(Debbi has been one of the bright spots of my indie journey, both for her mystery fiction and her professional comportment. While she's here, I am over at her Midlist Life blog, making wildly speculative predictions about the future of publishing and giving away three digital comics as well as Kindle giveaway entries. If you're on Twitter today, follow the "#pubfuture" meme for even wilder guesses!)
Debbi Mack is the author of Identity Crisis, a hardboiled mystery novel in which Maryland attorney Stephanie Ann "Sam" McRae gets in over her head while investigating murder and identity theft in one of her cases. Five Uneasy Pieces is her first short story collection. It includes her Derringer Award nominated story "The Right to Remain Silent," as well as stories she's had published in two of the Chesapeake Crimes anthologies. The collection also includes an excerpt from Least Wanted, the next Sam McRae mystery.
A "recovering attorney" who practiced law for nine years, Debbi has also worked as a journalist, librarian and freelance writer/researcher. Her Web site is http://www.debbimack.com and she blogs about her adventures in authorship.
Stumbling Into Indie Author Publishing
I'd like to thank Scott for letting me post here today. I've been a big fan of his work since I read THE SKULL RING and DRUMMER BOY. Since Scott's focus is on indie authorship, I thought I'd share my story about how I ended up taking the indie path to publishing.
I'd like to say it was part of a big plan, but it wasn't. It wasn't planned, it wasn't a big political statement and I wasn't thumbing my nose at the traditional publishing world. It just seemed like a sensible thing to do at the time.
I started off about 13 years ago, after finishing my first novel, looking for an agent. The mantra back then was "Don't self-publish! It'll kill your career." So I queried and got rejections, multiple times. I got a few nibbles from agents who wanted to see the manuscript, but ultimately the answer was no.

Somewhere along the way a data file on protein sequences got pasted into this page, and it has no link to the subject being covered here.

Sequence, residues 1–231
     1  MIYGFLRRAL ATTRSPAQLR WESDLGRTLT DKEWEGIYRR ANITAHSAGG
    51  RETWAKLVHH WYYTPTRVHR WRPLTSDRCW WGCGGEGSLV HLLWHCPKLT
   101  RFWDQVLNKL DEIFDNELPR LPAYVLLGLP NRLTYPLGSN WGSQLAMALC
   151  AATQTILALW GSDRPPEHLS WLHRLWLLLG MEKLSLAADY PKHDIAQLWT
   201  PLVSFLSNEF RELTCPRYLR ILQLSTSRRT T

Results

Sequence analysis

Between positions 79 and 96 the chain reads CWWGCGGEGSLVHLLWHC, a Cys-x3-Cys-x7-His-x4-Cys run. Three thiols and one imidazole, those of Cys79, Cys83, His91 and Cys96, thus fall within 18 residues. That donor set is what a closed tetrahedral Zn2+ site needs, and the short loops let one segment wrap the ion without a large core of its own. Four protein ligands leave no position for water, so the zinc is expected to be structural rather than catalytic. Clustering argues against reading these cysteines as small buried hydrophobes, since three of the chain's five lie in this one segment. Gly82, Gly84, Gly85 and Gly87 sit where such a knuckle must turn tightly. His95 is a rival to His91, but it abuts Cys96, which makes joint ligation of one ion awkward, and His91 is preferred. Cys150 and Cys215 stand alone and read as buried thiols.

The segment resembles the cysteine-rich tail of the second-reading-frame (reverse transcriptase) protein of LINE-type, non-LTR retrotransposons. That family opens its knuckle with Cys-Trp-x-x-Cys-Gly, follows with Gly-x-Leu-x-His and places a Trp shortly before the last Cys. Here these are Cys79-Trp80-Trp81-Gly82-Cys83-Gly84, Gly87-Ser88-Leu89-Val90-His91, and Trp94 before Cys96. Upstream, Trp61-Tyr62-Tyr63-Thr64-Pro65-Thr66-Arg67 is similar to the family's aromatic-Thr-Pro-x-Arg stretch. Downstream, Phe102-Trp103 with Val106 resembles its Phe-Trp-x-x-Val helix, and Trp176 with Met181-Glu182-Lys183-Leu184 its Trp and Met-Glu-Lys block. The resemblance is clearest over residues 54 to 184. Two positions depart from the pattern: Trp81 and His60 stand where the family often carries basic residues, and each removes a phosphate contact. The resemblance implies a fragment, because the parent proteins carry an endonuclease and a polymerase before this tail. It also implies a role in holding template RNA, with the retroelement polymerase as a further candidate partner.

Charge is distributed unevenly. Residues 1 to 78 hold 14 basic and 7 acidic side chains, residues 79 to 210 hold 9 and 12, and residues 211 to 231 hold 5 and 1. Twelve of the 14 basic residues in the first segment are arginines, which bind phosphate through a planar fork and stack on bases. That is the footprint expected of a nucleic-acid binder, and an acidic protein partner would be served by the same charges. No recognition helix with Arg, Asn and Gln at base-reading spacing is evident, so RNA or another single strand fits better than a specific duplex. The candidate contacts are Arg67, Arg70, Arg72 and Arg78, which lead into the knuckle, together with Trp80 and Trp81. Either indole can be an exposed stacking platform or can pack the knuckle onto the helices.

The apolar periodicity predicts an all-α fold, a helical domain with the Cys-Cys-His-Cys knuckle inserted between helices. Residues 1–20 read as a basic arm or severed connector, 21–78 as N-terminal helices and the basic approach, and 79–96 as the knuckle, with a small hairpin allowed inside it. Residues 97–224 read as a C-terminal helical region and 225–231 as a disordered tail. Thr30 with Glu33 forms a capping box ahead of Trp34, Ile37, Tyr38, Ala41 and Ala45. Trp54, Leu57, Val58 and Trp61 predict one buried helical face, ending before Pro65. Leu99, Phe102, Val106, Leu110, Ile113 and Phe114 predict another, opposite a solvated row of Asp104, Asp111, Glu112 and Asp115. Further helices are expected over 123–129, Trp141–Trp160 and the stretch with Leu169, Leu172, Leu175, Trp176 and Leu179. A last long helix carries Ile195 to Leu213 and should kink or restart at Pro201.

So, instead of continuing to send that manuscript out, I worked on another story with the same protagonist. This novel was titled IDENTITY CRISIS and I thought it was better than the first one. So I queried agents and got nothing but rejections this time. Not even nibbles.
As I was going through all this, I had the opportunity to submit a short story as a blind submission for the anthology CHESAPEAKE CRIMES. My story was accepted and I was thrilled. My first actual fiction publishing credit. So I managed to stumble into getting my first fiction published by being in the right place at the right time.
Then, I submitted IDENTITY CRISIS to the publisher who issued the anthology. It was accepted and I was even more thrilled. I signed a three-book contract to do a series of Sam McRae novels. The novel was released in June 2005. During the (ever too brief) time it was in print, it got some great online reviews and reader reviews. My joy, however, was short lived as the publisher that released it failed to pay its authors royalties about nine months after the book was released. It was clear that the situation was bad, so I requested my rights back. Thus, my novel went out of print. And the small press soon went out of business.
In any case, since I'd been revising the first novel to make it the next in the series, I finished working on that and began a third Sam McRae novel (called LEAST WANTED). The third novel ended up being better than the first one, too. Hold that thought and I'll get back to it, in a moment.
As I went through the process of querying and sometimes talking to agents, I kept hearing them say, "We're not interested in a dead series. Write a stand alone." They didn't use those words exactly, but that's what I was hearing between the lines. That seemed weird, because I'd always thought that mystery readers liked series books. Well, anyway ... as I was looking for another agent or small publisher (who'd take submissions directly from authors), I went ahead and wrote a stand alone novel. A crime caper.